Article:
China deploys new facial recognition glasses
The idea of internet-enabled glasses that Google attempted to introduce five years ago did not take off. Now the Chinese police have re-invented the concept of the Internet powered glasses and applied it as one of the many law-enforcement mechanisms. Dark sunglasses equipped with facial recognition technology are used to spot criminal suspects in China. The glasses, which are being worn by police at a busy train stations ahead of the Chinese New Year travel rush during which the Chinese will make an estimated 3 billion trips, are linked to a central database which contains details of criminal records. Around 389 million train trips are expected to take place during this year's Spring Festival, as well as 65 million trips by air. Chinese police officers are now cool looking, well prepared, and deadly effective.
Wearing the technology enables the police officers to almost instantly view an individual’s personal record details, including name, ethnicity, gender and address. Using this new technology, police officers at the Zhengzhou East Railway Station have arrested seven people who were suspected of being involved in kidnapping and hit-and-run cases during an operation which began last week, media reported. They have also detained another 26 people who were using fake identification cards. Pictures of the operation, which were published online by the web version of China's People's Daily newspaper, show a female police officer wearing dark black sunglasses which have a small camera attached on the right-hand lens.
The camera is connected by an electronic lead to a hand-held device. Facial recognition software is being combined with advanced optics and networking to pinpoint potential suspects, and this technology is sophisticated enough to work well even in crowded subways and shopping malls with thousands of individuals moving around at the same time. It captures faces as they turn towards the camera, applying a standardised set of measurements to each face before comparing it with a portable database in much the same way fingerprints are assessed. The glasses feed a constant stream of images back to a processor attached to the officer’s uniform webbing. Basically, aside from being portable, the major difference between these devices and typical facial recognition systems is that the database used for comparing images is now always in the officer’s hand held device rather than the cloud.
The device has an app where police officers can process images they have taken of suspicious individuals. According to Zhang Xiaolei, a local police official, “The facial information captured by the glasses will be sent back to a database for comparison with the information of suspects on the wanted list,” he told the Global Times newspaper. The app allows access to the database that also provides information on whether the suspect is on the run from police, and even their recent Internet history. The facial recognition glasses can process 10,000 faces within one-tenth of a second as the tests have demonstrated, its manufacturers claim, although real-life use cases might prove to be a little slower, due to “environmental noise”.
The speed of processing and the fact the glasses are being worn by officers gives makes facial recognition a major asset on the police beat, the news service reports. It says officers are able to respond before suspects are able to blend back into a crowd, helping them to maintain contact in any pursuit. Security-obsessed China has the largest network of surveillance cameras in the world. Chinese law-enforcement is openly deploying new technologies to monitor people in ways that would unnerve many in the West. Obviously, there are privacy concerns regarding this technology and not everyone believes police should be using it. Amnesty International’s William Nee told the Wall Street Journal, “The potential to give individual police officers facial recognition technology in sunglasses could eventually make China's surveillance state all the more ubiquitous”.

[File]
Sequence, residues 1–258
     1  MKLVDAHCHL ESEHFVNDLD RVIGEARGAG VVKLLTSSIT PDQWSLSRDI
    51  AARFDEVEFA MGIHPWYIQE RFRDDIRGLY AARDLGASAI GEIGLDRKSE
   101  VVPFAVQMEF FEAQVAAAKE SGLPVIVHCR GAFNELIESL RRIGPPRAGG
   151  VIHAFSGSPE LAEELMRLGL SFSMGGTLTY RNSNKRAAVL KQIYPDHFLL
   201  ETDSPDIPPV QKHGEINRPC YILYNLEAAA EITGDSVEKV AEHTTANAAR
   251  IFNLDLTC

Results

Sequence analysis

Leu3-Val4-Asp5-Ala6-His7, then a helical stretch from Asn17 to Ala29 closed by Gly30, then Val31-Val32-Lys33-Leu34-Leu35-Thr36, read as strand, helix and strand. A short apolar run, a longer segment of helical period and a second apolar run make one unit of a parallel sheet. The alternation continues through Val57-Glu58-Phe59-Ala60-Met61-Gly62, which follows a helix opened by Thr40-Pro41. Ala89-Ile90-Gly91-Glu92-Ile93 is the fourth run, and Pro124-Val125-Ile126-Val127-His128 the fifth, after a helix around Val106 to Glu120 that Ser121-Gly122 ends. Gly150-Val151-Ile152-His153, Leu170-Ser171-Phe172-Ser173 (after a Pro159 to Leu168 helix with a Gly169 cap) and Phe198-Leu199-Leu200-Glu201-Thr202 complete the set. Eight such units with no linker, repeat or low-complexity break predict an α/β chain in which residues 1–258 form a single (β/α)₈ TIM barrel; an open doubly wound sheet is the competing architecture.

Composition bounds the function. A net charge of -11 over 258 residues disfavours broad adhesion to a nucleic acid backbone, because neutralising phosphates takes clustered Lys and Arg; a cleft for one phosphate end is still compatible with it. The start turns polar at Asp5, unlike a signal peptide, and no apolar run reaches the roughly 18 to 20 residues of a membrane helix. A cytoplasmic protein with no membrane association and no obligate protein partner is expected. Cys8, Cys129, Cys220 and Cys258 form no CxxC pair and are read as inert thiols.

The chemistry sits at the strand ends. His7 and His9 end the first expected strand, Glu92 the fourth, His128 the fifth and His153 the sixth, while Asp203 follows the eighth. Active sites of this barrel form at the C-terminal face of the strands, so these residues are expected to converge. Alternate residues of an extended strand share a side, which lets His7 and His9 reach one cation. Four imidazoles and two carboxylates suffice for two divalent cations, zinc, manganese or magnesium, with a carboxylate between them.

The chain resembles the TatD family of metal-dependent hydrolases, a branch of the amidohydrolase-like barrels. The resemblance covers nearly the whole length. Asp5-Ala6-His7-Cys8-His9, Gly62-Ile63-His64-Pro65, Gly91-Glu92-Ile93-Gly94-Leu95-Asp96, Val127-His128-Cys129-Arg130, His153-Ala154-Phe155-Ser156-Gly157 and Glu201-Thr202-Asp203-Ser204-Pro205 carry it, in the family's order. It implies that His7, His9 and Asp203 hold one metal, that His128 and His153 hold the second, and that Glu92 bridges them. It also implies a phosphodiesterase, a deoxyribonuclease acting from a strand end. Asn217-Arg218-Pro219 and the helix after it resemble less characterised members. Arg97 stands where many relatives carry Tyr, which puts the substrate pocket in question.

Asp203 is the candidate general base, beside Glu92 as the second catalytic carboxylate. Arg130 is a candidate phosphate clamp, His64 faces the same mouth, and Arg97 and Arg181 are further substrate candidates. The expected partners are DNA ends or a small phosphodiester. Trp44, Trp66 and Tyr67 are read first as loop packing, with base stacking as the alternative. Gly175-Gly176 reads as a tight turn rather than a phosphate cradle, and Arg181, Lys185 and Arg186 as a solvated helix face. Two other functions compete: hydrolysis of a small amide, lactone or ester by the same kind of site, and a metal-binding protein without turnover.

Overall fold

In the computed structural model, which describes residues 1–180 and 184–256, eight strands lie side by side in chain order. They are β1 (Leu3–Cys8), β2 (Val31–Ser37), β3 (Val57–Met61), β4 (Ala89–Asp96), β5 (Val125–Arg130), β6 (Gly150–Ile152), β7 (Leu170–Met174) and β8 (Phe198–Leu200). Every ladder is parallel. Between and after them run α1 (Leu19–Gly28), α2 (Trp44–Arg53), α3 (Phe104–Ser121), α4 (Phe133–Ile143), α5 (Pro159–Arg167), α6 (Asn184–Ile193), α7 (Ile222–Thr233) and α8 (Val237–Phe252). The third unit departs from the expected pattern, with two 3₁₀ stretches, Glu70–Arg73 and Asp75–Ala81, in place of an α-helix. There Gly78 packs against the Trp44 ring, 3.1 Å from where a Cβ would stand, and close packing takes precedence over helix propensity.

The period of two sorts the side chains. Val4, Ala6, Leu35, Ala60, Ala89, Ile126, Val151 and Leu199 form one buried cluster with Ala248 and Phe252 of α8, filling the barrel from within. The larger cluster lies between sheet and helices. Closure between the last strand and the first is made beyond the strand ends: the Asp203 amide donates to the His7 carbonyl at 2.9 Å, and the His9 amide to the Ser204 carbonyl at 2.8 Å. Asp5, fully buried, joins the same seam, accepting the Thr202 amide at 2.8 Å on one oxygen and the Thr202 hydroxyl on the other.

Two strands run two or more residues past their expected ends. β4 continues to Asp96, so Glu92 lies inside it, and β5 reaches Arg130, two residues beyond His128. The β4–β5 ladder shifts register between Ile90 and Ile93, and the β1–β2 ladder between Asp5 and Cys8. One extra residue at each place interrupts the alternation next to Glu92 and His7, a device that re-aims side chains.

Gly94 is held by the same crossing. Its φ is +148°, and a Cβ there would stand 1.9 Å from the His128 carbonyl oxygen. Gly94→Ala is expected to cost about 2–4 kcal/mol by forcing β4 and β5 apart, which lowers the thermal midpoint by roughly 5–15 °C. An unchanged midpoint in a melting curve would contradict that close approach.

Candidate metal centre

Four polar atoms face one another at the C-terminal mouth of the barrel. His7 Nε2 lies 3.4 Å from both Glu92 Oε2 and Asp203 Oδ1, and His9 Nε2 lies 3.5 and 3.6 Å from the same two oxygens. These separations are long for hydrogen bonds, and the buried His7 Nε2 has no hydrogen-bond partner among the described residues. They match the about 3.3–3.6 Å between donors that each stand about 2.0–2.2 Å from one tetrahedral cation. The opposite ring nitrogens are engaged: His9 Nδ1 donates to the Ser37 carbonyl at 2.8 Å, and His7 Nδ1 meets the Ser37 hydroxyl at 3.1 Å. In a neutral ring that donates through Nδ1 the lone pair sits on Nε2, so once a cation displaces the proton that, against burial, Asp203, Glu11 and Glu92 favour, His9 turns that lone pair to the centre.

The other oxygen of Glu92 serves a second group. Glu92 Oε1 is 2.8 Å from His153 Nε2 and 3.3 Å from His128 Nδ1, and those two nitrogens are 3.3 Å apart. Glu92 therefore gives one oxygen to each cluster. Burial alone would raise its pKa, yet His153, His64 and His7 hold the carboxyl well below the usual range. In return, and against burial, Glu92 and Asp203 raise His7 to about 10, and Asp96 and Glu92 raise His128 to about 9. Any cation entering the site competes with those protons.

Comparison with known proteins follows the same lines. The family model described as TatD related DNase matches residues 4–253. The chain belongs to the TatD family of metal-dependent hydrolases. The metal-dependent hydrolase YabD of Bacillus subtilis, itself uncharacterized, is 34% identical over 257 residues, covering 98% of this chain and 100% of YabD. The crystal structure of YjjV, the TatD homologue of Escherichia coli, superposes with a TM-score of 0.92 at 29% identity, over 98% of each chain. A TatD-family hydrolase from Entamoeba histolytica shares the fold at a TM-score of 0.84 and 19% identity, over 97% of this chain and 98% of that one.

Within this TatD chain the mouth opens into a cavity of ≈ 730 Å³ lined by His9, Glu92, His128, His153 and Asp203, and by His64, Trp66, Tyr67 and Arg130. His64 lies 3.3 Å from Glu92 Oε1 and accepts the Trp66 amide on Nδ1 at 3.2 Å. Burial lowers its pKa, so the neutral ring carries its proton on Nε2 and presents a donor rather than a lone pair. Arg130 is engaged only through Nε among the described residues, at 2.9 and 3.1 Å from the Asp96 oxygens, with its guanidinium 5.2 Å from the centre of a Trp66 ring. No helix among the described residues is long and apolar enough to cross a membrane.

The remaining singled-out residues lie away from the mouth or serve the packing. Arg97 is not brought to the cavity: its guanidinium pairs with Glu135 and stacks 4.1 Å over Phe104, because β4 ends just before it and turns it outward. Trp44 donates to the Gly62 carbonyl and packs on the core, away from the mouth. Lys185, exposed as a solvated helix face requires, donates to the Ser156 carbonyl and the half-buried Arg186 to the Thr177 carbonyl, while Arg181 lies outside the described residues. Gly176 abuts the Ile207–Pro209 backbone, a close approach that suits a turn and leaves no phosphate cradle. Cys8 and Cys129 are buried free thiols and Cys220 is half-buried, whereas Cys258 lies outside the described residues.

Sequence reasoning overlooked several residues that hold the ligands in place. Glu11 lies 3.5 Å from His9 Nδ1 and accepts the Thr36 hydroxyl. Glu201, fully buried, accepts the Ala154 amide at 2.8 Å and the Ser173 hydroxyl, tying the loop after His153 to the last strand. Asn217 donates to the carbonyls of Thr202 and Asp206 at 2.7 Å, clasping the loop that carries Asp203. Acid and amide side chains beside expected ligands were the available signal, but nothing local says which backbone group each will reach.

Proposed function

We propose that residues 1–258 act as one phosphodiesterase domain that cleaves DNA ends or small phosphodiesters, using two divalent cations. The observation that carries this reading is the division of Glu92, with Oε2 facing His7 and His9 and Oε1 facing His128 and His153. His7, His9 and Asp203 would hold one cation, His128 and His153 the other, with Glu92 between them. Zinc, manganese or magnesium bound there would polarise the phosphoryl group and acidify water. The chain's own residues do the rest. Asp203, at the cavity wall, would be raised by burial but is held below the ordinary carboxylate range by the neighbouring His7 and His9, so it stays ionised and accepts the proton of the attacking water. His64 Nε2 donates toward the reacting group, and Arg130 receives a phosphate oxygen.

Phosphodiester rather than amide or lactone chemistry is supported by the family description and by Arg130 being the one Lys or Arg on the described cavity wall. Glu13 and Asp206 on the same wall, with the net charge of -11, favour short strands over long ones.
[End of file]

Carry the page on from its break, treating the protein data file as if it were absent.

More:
Last month, reports surfaced that China was using facial recognition to geo-fence residents of the Muslim-dominated Xinjiang region of the country, a move that has attracted criticism from a number of human rights groups. China is also working on building a facial recognition database that will contain info on all of its 1.3 billion citizens, and it has assembled biometric data for most of its citizens.
The stated objective of this network is to identify and locate any of its citizens within three seconds. The devices were created by Beijing-based LLVision Technology Co., which developed the facial recognition system with police departments in the provinces of Henan, Shandong, and Xinjiang. The company produces wearable video cameras as well and while it sells those to anyone, it's vetting buyers for its facial recognition devices. And, for now, it isn't selling them to consumers. The eyeglasses are part of a growing number of tech tools, which also include a social credit system (think social media meets your credit score) and a crackdown on VPNs that allow users to access banned international websites, that China is deploying as part of its growing web of control of the Internet, and the conversations that happen on it. Facial recognition has been rolled out in many aspects of every day life in the country, where there are few concerns over privacy. The technology is being used to gain entry to university dormitories and workplaces, withdraw cash from ATM machines, or even buy a KFC.